Interview: of Montreal’s Kevin Barnes


    Today, of Montreal releases its latest collection of pop cacophony, Paralytic Stalks. This time around, musical brewmeister Kevin Barnes mixes things up, intermingling the influences of 20th century classical composers like Partch and Ligeti, experimenting with through-composition, and using session players for the first time. Paralytic Stalks also marks the first time in quite awhile that Barnes has written or recorded without the use of an alternate persona or character. Consequence of Sound‘s Research Editor Len Comaratta caught up with Barnes while he was at home in Athens, GA as he and the group finalized preparations for their upcoming tour.

    We can just jump right into it if you want. I assume you’re down in Athens right now.


    The tour begins… in two weeks?

    Well, we’re starting… our first show is in Athens on the 17th, I think, of February, but then we have a couple of weeks before the tour kicks off for real.

    Okay, so you’re just doing a hometown show to kind of kick things off, see how it goes?

    Yeah, kind of… well, the record will have already been out. We’re attempting some stuff that we’ve never tried before visually, so it’s good to get one run through.


    Visually, do you mean like the theatrics that you have or like in a new light show?

    Yeah, it’s new. What we basically are doing is we’re trying to have as many projectable spaces onstage as possible, so basically, visually it’s going to be sort of a sensory overload. It’s going to be all these different layers of different kinds of animations and different kinds of lighting. At least that’s the way we visualize it; it’s going to be really extreme at times and really powerful.

    So are you going to have warnings regarding seizures?

    That’s a good idea, actually.

    With the sound of this album, you have all these strings. Are you going to have the string players on tour with you, or are you going to do that via different methods?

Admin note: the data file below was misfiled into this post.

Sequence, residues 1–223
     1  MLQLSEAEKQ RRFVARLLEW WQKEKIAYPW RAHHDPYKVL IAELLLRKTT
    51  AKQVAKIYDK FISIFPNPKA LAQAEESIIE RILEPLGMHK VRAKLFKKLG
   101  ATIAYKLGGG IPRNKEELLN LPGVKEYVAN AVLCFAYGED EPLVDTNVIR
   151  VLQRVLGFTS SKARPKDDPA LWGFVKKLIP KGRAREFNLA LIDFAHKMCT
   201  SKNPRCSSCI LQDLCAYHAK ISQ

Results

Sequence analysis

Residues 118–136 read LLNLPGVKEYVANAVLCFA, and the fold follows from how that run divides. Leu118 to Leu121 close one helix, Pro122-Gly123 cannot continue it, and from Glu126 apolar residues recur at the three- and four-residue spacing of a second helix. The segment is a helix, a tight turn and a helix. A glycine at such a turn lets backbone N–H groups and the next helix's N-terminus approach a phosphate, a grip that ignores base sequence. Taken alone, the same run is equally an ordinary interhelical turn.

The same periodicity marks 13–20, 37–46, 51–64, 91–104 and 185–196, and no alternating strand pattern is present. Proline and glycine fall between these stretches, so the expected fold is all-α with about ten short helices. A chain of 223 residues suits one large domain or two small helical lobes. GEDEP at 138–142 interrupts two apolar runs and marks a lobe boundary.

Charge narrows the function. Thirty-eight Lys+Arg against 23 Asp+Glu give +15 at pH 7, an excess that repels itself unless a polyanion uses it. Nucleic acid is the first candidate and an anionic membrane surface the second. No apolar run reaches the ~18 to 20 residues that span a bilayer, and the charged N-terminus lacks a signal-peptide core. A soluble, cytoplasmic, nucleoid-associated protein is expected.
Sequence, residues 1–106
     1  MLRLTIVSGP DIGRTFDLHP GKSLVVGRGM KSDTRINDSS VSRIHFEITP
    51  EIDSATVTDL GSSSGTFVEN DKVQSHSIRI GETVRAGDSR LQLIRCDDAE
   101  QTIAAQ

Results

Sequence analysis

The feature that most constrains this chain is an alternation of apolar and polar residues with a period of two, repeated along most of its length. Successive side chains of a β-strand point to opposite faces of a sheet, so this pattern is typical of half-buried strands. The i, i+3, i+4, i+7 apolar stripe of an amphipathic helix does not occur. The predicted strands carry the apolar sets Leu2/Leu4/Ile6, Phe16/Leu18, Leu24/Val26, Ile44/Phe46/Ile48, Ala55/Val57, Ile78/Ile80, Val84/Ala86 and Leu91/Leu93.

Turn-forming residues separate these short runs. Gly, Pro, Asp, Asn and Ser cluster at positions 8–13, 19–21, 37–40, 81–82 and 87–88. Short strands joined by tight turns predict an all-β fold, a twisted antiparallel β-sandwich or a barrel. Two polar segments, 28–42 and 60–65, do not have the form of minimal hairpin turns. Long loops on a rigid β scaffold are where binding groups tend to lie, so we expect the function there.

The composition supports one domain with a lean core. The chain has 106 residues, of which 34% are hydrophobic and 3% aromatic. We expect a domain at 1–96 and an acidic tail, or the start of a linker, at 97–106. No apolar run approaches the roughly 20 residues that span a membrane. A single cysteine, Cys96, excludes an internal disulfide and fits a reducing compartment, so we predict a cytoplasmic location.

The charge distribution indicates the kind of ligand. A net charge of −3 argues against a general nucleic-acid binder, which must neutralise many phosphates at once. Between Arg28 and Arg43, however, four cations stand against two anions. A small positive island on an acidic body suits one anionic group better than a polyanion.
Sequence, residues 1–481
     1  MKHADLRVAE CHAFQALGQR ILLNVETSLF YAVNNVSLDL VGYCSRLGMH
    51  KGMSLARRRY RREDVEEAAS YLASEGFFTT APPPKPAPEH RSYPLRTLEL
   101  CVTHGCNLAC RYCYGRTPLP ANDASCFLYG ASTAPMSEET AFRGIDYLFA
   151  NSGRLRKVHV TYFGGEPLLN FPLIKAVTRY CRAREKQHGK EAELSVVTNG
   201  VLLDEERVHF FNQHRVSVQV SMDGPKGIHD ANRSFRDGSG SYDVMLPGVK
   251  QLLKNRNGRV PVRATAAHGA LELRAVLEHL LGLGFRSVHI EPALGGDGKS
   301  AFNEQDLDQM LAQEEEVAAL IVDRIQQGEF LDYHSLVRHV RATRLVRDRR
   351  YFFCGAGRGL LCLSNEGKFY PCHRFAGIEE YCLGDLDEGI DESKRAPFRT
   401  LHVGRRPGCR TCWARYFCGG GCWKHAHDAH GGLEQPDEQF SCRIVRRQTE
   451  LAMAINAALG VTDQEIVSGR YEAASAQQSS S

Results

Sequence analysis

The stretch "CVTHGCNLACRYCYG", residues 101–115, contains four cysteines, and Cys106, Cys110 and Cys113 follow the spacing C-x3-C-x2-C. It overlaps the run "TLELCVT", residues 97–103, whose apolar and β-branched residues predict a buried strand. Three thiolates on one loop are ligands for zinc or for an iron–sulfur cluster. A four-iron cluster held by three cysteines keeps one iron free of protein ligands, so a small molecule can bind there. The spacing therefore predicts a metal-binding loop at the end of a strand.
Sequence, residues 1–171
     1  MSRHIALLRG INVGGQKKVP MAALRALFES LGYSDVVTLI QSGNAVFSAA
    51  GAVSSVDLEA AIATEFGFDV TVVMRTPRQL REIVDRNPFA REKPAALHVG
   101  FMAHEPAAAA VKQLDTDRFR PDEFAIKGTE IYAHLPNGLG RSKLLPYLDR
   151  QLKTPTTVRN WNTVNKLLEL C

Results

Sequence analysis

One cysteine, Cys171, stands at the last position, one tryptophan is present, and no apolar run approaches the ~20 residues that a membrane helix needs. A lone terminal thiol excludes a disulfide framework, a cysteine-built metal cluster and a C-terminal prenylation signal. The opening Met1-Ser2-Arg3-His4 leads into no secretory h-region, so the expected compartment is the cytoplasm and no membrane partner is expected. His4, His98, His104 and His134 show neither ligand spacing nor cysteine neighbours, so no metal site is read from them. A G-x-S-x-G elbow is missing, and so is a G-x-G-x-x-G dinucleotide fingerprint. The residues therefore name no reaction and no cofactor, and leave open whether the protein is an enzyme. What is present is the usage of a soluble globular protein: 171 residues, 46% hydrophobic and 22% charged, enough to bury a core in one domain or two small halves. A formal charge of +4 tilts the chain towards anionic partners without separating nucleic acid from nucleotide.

It’s going to be a combination ‘cause we do have the guy who actually played all the parts on the record, Kishi Bashi; he’s in the band, too. So he’s going to be playing parts, but they’re so densely orchestrated you can’t really pull that off just as one person, so there will be some things in the backing tracks, or some things will be played by other instruments. Yeah, that’s kind of a challenge that we’ve been working with right now. We’ve been in rehearsals for two weeks now just trying to figure out a way to reproduce those arrangements live. It’s been a real challenge, but I think it’s going to sound really cool. I’m excited.


    A lot of people may have felt that you “changed directions” on the last few albums, but I’ve always kind of felt like you have this direction you’re going in, and the albums are the albums as they are; you’re not going back or forward or anything like that. It’s just this new… a new album. I don’t know what people were worried about with this one.

    [chuckles] Yeah, I don’t know. I’m definitely incorporating some elements that maybe I haven’t in the past. But as far as the songs being structured in this way, it’s definitely something I have done with records like The Gay Parade and Coquelicot [Asleep in the Poppies: A Variety of Whimsical Verse] and Skeletal Lamping, as far as having songs that contain different movements within one song, so it’s not just like an obvious pop arrangement. That’s definitely something that I’ve been interested in for a while just because when you’re writing songs, when you’re writing pop songs, there’s a tendency to follow the template that other people have already established as far as having verses repeating and choruses repeating and all that stuff. It’s not very challenging. Once you’ve written the verse and the chorus, then the song’s almost done. So, there’s not that much you can say beyond that. I like the approach of writing a section of music and then using that as inspiration for the next section and then using that as inspiration for the next section but not really worrying so much about having things come back, not worrying so much about repeating sections.

    And that was your experimentation with the through-compositions?

    Yeah. That’s something that appeals to me just because I find it more challenging and more exciting and more fulfilling. I have worked with the typical pop template a lot just because sometimes I’ll try to chase that idea trying to write the perfect pop song. But with this new record, I’ve been more interested in extending the songs and having it be more transportive, more a journey of sorts.